Avor David Mawutor Unless the fundamentals of a company are severely weakened and it's future prospects very bleak, there would always be demand so long as GSE exists. The only problem is that people would be willing to pay less than the market value. Okay, may be to aid our argument, what do you think FML's realistic price should be?

Avor David Mawutor Excellent second point! So as you said, you can use P/E ratio IF you are interested in earnings (dividend). But Boakye's answer to your first question was that, he was not considering "dividend investors".

Avor David Mawutor But all in all, i think this is a very good discussion topic. Opinions may vary depending on your risk appetite and objectives. Patrick, i think you should blog the discussions and allow others to join the debate.

Patrick Edem Agama We are back to the debate, Is Fan Milk overvalued? What is the real price of Fan Milk Limited. if you are reading this, Join us. What's your take on Fan Milk?


Joshua Naayo Thanks for inviting me to join in this discussion Patrick Edem Agama.
I think the title of this article should be Fanmilk is overvalued, Don't Buy it!

I agree with you on the fact that the company is overvalued however, your analysis falls short of convincing. First and foremost, High values do give in for potential upside movements. This is called market sentiments. Most investors don't value investments before making a trade, they trade on the fact that people are gaining on FML stocks hence will decide to go in, driving the price further up. I am not here to preach about behavioural investments but rather talk about Value. Secondly, comparing Fanmilk to stocks like GOIL, MAC, EGL etc is like comparing apples to oranges. These are completely different industries affected by different market factors.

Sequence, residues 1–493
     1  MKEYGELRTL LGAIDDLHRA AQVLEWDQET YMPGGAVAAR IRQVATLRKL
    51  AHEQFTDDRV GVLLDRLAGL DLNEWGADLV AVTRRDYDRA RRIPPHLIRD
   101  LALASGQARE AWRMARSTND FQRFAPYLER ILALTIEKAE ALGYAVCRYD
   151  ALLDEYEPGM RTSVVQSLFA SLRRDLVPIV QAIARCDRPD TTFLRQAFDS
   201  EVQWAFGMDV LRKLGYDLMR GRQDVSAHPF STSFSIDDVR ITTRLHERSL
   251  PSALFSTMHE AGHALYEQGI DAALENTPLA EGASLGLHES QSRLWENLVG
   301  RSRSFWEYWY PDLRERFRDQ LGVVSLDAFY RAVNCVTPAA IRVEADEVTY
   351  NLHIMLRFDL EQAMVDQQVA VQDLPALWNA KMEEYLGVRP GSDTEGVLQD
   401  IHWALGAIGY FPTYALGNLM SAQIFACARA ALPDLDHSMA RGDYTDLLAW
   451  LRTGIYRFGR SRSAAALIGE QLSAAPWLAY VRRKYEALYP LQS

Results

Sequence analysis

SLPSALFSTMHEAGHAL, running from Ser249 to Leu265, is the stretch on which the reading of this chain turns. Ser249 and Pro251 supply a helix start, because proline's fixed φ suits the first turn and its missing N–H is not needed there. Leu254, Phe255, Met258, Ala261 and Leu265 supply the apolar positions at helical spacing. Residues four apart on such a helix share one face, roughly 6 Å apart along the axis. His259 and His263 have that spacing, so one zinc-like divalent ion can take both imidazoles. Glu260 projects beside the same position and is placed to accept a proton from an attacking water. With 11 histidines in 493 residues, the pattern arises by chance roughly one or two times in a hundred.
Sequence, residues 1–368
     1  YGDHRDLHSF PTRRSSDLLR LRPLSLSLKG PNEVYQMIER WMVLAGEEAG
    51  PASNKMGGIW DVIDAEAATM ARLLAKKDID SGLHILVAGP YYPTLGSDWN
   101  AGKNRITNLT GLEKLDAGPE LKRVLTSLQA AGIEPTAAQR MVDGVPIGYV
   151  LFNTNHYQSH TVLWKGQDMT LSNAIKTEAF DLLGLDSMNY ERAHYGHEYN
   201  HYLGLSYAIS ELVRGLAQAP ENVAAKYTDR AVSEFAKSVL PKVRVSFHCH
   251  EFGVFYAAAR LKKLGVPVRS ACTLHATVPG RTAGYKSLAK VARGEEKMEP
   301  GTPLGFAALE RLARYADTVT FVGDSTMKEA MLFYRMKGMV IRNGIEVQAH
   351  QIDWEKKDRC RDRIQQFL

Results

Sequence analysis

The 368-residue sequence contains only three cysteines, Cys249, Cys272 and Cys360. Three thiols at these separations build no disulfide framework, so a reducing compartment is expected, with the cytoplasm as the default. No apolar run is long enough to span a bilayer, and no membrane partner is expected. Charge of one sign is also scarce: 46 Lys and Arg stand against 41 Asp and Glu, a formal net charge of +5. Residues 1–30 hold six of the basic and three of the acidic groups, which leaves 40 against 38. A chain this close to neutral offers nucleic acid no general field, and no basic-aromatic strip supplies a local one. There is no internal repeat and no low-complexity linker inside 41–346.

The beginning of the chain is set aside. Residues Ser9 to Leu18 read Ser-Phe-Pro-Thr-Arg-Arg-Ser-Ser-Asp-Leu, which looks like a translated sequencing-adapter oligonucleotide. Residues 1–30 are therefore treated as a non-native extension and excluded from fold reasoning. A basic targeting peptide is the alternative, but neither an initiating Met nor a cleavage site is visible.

Now why I think Fanmilk is overvalued and Investors should not buy (for now). Fanmilk's sales revnue report shows a 5.06% decline, this primarily can be attributed to the increasing cost of its products which has reduced demand. Now, how did this small decline in sales affect Fanmilk? A look at their financial reports shows its operating expenses increasing by about 11%. This increase in operating expenses which has led them to increase their prices can partially be attributed to inflation and exchange rate depreciation - Something we don't expect to get better anytime soon.

My good friend Avor, you talk about dividends, dividends come from earnings and the companies ability to generate good earnings depends on its ability to reduce expense and increase sales. With the increase in operating expenses and a fall in sales revenue, Fanmilk's Net Income fell by a whooping 20.13%. Now considering the market conditions do you expect this figure to increase or decline? How do you think they will consistently pay dividends when their earnings fall?

Now, why an investor should not buy fanmilk at 7.47. I used two approaches in valuing FML stocks.- an Earnings Model and DCF model. 

FML's EPS has over the past 6 years dropped from 0.36 to 0.19. With current market conditions, I expect this EPS to fall by about 7% over the next year, which puts the Expected EPS at about 0.18. Now comparing this EPS to our current P/E, I expect the price of FML to be at 7.06 at year end. 

So then, how much should you buy it now?